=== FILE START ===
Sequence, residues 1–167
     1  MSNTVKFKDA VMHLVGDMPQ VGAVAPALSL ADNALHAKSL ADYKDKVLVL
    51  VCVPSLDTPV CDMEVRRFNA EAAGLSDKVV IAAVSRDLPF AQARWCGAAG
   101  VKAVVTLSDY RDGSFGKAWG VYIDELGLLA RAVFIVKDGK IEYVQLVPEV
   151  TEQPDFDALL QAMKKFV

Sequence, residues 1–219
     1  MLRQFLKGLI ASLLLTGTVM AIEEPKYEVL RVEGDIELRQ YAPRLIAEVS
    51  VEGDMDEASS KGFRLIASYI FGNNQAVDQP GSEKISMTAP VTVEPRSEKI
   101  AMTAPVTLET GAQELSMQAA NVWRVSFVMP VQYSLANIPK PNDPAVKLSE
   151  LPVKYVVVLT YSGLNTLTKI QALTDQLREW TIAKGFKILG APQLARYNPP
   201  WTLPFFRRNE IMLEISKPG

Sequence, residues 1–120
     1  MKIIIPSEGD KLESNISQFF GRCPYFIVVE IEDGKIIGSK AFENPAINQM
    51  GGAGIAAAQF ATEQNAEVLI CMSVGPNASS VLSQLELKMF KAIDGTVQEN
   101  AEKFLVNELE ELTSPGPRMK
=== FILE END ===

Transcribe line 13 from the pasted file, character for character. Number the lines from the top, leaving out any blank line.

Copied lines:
     1  MKIIIPSEGD KLESNISQFF GRCPYFIVVE IEDGKIIGSK AFENPAINQM